How to generate convenience
To add some context to the preceding post on matching the dynamics of a Logistic curve, I will step-by-step deconstruct the math behind the governing Verhulst equation. Although deceptively simple in both form and final result, you will quickly see how a "fudge" factor gets added to a well-understood amd arguably acceptable 2nd-order differential equation just so we end up with a convenient closed-form expression. This convenience of result essentially robs the Peak Oil community of a deeper understanding of the fundamental oil depletion dynamics. I consider that a shame, as not only have we wasted many hours fitting to an empirical curve, we also never gave the alternatives a chance -- something that in this age of computing we should never condone.
If we consider the discovery rate dynamics in terms of a proportional growth model, we can easily derive a 2nd-order differential equation whereby the damping term gets supplied by an accumulated discovery term. The latter term signifies a maximum discovery (or carrying) capacity that serves to eventually limit growth.
Now, if we refactor the Logistic/Verhulst equation to mimic the 2nd-order differential equation in appearance, it appears very similar apart from a conspicuous non-linear damping term shown at the lower right above.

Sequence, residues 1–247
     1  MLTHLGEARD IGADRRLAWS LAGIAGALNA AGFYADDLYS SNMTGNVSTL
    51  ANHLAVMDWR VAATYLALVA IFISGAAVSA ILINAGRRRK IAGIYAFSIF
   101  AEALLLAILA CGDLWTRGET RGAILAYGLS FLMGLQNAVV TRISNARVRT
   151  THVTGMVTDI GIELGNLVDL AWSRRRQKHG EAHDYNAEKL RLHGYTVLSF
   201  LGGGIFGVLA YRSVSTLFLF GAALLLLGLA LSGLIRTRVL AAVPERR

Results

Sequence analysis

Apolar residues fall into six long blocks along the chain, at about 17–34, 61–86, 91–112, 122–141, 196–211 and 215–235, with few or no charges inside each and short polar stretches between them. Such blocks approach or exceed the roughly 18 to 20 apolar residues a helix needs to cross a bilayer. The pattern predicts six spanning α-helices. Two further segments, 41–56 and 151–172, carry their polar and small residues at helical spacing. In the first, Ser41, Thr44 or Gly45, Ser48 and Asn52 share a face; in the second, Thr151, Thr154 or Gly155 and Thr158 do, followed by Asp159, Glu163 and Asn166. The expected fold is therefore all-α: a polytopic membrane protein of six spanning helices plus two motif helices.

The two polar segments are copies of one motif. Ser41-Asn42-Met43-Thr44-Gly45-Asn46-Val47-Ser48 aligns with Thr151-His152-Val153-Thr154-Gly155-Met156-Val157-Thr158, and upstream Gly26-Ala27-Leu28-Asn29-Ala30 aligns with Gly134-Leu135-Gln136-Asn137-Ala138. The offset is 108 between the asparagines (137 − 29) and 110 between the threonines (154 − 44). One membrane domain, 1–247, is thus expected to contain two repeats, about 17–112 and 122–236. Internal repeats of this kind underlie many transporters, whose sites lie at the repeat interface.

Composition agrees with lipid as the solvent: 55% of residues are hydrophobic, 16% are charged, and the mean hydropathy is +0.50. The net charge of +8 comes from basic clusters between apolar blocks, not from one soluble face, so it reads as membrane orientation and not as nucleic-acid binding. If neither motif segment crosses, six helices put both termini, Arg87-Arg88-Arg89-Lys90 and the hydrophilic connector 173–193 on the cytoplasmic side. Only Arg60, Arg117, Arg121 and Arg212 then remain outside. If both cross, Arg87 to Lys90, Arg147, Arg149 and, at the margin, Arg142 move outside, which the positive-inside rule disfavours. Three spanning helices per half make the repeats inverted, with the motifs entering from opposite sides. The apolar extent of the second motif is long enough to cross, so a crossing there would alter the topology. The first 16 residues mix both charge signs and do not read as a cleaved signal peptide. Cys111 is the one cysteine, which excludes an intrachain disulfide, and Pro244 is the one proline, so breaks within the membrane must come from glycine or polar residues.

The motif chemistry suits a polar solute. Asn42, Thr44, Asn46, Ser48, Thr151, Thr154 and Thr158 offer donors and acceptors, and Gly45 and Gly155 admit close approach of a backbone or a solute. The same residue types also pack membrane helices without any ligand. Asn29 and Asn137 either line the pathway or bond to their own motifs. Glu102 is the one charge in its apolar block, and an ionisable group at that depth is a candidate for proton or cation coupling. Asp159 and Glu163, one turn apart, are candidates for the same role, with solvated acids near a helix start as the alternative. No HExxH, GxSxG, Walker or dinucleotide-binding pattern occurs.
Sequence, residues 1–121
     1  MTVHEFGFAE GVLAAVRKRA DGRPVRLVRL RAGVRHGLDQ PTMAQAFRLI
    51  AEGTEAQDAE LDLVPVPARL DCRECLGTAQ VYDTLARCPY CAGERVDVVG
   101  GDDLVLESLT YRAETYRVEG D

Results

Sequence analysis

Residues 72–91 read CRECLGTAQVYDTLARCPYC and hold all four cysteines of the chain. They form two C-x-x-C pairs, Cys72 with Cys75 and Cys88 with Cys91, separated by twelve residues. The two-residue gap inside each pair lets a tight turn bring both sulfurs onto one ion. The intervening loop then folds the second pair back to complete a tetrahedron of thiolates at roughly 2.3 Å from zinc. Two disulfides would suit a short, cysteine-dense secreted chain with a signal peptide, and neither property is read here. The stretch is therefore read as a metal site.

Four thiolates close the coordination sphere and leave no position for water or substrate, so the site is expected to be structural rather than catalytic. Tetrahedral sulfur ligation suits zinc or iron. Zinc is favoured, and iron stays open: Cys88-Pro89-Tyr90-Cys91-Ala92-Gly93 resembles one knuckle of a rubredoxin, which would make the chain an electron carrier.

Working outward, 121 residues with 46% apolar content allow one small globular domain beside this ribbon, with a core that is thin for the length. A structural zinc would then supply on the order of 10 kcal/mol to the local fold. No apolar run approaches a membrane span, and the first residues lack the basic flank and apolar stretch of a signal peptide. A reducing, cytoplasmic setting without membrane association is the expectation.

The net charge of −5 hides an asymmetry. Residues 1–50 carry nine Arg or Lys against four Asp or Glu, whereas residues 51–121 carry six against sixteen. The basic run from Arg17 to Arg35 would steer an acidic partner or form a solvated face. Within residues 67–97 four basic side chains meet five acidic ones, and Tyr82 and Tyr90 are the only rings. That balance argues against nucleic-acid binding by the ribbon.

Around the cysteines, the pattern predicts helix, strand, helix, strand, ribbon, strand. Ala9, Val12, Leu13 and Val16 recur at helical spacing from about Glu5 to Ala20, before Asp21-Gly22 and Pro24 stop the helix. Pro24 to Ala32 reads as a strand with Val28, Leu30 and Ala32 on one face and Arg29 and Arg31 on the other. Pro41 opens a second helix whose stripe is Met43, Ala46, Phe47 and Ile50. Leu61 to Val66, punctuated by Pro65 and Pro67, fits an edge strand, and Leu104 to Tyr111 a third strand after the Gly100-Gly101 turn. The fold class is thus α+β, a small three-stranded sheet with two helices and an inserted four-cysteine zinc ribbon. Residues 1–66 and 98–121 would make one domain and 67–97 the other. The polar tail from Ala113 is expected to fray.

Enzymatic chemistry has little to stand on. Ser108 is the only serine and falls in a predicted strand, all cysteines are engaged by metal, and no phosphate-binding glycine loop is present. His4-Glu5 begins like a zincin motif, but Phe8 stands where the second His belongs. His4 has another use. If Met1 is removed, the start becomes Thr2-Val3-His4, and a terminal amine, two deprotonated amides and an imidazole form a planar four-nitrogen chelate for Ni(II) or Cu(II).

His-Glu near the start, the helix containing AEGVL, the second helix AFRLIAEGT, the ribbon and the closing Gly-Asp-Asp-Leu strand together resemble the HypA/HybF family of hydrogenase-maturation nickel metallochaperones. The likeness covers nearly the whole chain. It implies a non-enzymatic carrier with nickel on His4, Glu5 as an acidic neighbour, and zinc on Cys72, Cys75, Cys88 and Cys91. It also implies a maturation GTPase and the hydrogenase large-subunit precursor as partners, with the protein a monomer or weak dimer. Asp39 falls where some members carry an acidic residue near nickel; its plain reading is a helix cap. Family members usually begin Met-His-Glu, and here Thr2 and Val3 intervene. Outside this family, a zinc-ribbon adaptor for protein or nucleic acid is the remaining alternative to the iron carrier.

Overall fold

That non-linear term in any realistic setting makes absolutely no sense. The counter-argument rests on a "you can't have a cake and eat it at the same time" finding. On the one hand, we assume an exponential growth rate based on the amount of instantaneous discoveries made. But on the other hand, believers in the Logistic model immediately want to turn around and modulate the proportional growth characteristics with what amounts to a non-linear "fudge" factor. This happens to just slow the contrived exponential growth with another contrived feedback term. Given the potential chaotic nature of most non-linear phenomena, we should feel lucky that we have a concise result. And to top it off, the fudge factor leads to a shape that becomes symmetric on both sides of the peak since it modulates the proportional growth equally around dD/dt=0, with an equal and opposite sign. As the Church lady would say, "How convenient!". Yet, we all know that the downside regime has to have a different characteristic than the upside (see the post on cubic growth for the explanation, and why the exponential growth law may not prove adequate in the first place).
Unfortunately, this "deep" analysis gets completely lost on the users of the Logistic curve. They simply like the fact that the easily solvable final result looks simple and gives them some convenience. Even though they have no idea of the underlying fundamentals, they remain happy as clams -- and I and people like R2 and monkeygrinder as angry as squids.
Labels: logistic math